The project is called 'Beyond 1 Million Genomes', but what is a 'genome'?
A genome is the collection of all the DNA in our body. DNA is in every cell of our body and is the blueprint for how our body develops and functions. It is a chemical structure made from long strings of smaller molecules called nucleotides.
A gene is a small sequence of these nucleotides that performs a particular function. Usually the function of a gene is to synthesise proteins, which help build and maintain the body.
Sometimes the effect of a gene is obvious. You can have a gene for blue eyes, for example, or for brown hair. But sometimes the effect is less obvious. The gene may encode a protein whose effect may depend on environmental factors, or on the presence of other genes. For example, a particular protein may cause a slight change in your body that gives you a higher risk of developing schizophrenia, but only under certain environmental conditions.
These are words you'll see a lot in this project. Your genotype is all the genes that you have inherited from your parents. Your phenotype is all the observable traits about you. This could be your physical form (like your weight and height), your physiology, or your behaviour.
Your phenotype is a result of your genes plus environmental conditions. To understand a disease better and how we can treat it, it helps to have both genotypic and phenotypic information about the patient.
Linking the genotype (gene sequence) and phenotype data from the same person makes it possible to study these types of data together.
'Personalised medicine' is when a patient's diagnosis and treatment is based on their specific characteristics, like their age, gender, weight and medical history. This is in contrast to a 'once size fits all' approach to medicine, where each patient is given a standard treatment, and their individual characteristics have less influence on their management and care.
In recent years, 'personalised medicine' has also come to include using a patient's linked genotype and phenotype data to decide the best diagnosis and treatment for their illness. The doctor can see if a patient has genes associated with an increased risk of cancer or diabetes, for example, and suggest lifestyle changes accordingly. They can also see what genetic mutations are in a patient's cancer, and give treatment targeted to these mutations.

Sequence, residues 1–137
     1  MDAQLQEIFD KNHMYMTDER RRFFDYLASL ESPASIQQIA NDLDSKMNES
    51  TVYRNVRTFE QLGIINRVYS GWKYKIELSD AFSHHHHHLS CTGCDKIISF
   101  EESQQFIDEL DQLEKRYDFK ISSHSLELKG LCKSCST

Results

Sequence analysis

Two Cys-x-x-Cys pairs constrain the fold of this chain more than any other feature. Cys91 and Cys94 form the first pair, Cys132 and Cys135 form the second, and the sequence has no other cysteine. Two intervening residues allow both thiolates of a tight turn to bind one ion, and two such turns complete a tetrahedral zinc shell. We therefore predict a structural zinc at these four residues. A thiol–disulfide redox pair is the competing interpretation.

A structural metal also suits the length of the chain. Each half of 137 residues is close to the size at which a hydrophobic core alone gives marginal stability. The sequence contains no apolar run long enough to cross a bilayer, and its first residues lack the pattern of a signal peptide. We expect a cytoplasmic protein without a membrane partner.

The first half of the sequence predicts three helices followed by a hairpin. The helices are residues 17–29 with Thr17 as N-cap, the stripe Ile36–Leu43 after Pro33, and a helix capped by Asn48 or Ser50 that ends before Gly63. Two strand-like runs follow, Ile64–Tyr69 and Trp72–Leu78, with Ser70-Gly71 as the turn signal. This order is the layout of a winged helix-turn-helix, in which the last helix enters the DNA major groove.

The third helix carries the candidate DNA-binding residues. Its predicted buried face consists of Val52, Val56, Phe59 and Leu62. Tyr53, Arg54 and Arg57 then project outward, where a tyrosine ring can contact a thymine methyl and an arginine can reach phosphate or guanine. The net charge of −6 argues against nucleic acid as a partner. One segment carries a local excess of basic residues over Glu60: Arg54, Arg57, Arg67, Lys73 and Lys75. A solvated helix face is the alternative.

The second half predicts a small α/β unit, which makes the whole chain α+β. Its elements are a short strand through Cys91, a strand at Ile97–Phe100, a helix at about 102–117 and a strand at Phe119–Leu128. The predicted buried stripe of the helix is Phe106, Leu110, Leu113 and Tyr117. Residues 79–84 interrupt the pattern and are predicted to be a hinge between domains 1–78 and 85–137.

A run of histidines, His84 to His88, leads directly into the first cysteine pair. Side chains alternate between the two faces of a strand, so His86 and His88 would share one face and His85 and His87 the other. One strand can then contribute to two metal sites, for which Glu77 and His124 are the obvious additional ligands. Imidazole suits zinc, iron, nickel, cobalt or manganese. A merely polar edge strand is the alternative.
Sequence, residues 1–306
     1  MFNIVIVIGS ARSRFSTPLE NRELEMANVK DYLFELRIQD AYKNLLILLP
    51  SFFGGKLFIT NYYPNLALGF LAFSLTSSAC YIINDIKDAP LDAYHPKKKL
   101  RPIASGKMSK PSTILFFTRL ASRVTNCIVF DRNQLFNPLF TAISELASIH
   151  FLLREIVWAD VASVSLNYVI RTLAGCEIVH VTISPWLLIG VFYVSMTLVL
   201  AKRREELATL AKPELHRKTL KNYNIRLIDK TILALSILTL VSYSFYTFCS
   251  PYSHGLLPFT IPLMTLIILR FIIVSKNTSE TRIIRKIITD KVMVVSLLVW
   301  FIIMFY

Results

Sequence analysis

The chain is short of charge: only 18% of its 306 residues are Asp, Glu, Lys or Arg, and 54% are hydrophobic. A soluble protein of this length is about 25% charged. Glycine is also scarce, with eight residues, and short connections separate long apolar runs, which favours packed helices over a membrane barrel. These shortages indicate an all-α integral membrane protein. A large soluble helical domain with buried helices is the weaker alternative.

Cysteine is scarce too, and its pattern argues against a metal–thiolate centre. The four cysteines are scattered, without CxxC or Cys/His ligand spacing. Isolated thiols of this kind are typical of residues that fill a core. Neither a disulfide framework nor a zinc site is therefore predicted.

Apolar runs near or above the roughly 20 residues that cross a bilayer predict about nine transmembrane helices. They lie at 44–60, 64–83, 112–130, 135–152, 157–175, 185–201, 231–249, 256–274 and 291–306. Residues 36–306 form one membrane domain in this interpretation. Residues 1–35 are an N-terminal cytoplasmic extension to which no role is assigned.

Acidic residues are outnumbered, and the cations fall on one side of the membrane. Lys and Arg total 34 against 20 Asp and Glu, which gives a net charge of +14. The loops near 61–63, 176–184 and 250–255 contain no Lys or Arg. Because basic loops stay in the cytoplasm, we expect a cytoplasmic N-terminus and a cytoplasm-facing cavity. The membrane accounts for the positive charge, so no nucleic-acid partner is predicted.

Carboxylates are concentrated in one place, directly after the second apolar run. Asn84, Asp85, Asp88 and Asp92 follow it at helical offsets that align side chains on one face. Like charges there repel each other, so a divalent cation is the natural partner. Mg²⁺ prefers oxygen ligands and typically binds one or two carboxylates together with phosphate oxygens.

Although this approach to medicine is desirable, it is also fraught with ethical, legal and security issues. In personalised medicine, not only is a patient's genotype and phenotype data linked, but also their treatment data such as scans and the results of blood samples. This is highly sensitive and private data, so great care needs to be taken that the data is stored securely and used ethically and legally.
The B1MG Project is developing ways for researchers and clinicians to access genotype and phenotype data from around Europe. It is developing the technical means to do this, but also the legal mechanism, and ethical best practices for doing so.
Some countries have already set up ways to share this information within their country, but the B1MG Project aims to extend this and make it possible to allow access to the data across borders. This will allow for a huge amount of data to become available to researchers and clinicians, and enable them to get a better understanding of rare diseases and variations of more common diseases such as cancer. It will lead to the more widespread practice of personalised medicine, and to more innovative and effective healthcare.
If you are not familiar with terms used in European research projects, you might want to scan the Glossary page next.